Coronavirus: Is Italy closed for cycling?

The promoters of Italian races are likely to be forced to postpone the races in an attempt to limit the spread of coronavirus after the Italian government called a halt to all sporting and public events for a month.

RCS Sport also planned to put on the Strade Bianche men’s and women’s editions and next week’s Tirreno-Adriatico stage race because they are in central Italy, away from the northern regions of Lombardy, Veneto and Emilia-Romagna where the virus took hold.

The company will instead be required, if possible, to reschedule activities at a later date. RCS Sport issued a statement on Wednesday night announcing that the Gran Fondo Strade Bianche had been cancelled, and that updates about its group of five upcoming races would be given in the coming days, while discussions with the relevant authorities would begin on Thursday morning.

The move follows a dramatic new measure put in place on Wednesday evening by the Italian Government. To help combat the spread of coronavirus, the order requires a halt to all public and sport activities that can not be held in a closed venue, and a month’s closure of schools and universities.

“Sporting events and competitions of any order or discipline, carried out in any place, public and private, are suspended,” reads the decree.

“However, the holding of events and competitions, as well as the training sessions of competitive athletes, inside sports facilities behind closed doors, will be allowed. In all cases, sports associations and clubs are required to carry out appropriate checks to limit the risk of spreading the Covid-19 virus.”

The dramatic decision by the Italian government means that some sporting events taking place in closed stadiums – such as football games – will be allowed to take place, but the essence of road racing means that it is virtually impossible to limit contact between participants, the public and race workers.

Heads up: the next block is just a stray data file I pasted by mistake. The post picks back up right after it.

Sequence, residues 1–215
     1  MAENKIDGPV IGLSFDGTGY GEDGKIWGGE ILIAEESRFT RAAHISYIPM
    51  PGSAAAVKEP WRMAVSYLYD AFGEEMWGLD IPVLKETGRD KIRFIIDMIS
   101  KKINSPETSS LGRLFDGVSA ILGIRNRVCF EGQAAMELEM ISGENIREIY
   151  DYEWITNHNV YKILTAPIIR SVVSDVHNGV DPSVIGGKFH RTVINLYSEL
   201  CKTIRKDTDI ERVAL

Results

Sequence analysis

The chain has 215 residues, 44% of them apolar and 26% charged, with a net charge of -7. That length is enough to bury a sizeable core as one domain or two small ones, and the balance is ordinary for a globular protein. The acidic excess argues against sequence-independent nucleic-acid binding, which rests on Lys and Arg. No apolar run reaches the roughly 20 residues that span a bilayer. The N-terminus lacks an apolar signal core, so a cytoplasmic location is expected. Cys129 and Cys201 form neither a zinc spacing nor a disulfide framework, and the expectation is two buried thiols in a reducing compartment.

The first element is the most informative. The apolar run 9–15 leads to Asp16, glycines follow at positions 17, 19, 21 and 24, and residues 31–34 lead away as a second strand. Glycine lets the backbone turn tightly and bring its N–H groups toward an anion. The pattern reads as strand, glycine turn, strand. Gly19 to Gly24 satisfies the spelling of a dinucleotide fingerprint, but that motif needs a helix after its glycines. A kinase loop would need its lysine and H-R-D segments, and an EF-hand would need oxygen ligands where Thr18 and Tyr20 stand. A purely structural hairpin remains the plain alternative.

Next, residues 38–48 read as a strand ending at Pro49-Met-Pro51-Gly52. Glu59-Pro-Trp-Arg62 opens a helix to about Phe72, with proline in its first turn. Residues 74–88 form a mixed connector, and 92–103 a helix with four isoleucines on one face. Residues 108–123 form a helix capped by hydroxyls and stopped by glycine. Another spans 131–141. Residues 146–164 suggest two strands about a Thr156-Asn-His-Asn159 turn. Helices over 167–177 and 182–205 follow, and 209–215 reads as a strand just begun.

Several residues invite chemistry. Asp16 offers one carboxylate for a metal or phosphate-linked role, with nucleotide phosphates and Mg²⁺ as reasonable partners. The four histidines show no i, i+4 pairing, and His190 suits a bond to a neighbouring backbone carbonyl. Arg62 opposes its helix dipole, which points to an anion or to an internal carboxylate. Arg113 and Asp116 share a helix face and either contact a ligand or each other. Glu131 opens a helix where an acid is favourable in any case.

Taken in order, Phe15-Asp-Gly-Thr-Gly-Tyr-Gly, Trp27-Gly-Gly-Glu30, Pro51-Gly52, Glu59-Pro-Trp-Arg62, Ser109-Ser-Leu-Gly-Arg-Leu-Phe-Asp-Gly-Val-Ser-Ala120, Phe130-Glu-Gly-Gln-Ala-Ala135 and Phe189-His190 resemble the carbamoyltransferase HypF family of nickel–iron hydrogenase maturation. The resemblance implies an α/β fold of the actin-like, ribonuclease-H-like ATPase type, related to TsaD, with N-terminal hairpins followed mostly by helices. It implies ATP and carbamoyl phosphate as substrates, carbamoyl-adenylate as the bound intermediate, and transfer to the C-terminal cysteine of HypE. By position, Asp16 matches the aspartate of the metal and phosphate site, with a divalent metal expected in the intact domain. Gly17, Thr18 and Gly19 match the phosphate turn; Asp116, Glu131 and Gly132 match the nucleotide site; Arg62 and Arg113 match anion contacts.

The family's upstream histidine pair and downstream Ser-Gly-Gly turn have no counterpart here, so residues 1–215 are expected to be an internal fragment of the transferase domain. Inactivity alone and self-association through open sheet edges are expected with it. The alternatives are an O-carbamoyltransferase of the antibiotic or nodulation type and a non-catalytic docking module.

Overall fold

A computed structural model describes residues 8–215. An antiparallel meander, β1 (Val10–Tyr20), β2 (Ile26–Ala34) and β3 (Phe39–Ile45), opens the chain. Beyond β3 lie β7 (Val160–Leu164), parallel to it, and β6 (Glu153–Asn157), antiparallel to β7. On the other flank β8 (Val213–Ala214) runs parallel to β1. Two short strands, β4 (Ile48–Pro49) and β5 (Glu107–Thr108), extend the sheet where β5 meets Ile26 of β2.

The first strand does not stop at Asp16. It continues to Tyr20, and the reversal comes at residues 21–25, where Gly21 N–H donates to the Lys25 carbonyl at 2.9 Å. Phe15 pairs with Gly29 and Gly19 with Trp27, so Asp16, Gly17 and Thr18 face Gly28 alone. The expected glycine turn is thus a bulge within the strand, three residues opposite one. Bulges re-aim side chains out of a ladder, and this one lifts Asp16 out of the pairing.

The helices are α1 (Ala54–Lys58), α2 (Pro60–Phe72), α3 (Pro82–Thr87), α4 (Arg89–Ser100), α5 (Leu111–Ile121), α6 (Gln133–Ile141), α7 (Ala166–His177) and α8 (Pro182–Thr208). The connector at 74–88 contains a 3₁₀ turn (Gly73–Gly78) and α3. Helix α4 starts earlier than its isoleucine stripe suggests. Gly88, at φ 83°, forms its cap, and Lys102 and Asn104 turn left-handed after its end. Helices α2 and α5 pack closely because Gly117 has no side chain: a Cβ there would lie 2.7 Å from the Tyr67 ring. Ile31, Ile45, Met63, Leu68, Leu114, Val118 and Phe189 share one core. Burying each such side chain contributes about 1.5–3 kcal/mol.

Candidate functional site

On Wednesday evening, the Italian authorities announced that the number of positive coronavirus tests has risen to 2,703, with 107 deaths and 295 people in hospital intensive care while at least 276 people have fully recovered from the virus. About 80 percent of cases occur in the regions of northern Lombardy, Veneto and Emilia Romagna, but further isolated cases are discovered hour by hour in Italy.

Because of the possibility of coronavirus, a number of teams already said they would not fly to Italy, with Mitchelton-Scott also stating that they would miss Paris-Nice and Ronde van Drenthe, Danilith Nokere Koerse and Trofeo Alfredo Binda, the women’s one-day races.

Earlier in a day full of coronavirus reports, 14 doctors from several teams–led by those from EF Pro Cycling–called on teams to stop racing because UCI and race organisers lacked a’ robust strategy’ to address concerns regarding coronavirus spread.

The UCI has since announced that while declining to cancel events, race organisers need to take a number of steps to further limit the risk of spreading coronavirus.

These steps include raising the gap between the public and riders, particularly in the start and finish zones and adhering to a strict medical protocol, and limiting the number of teams staying at the same hotel.

The UCI added that if they are unable to participate in an event for a valid reason, no team would be penalised financially or when their sporting results are included in rankings.

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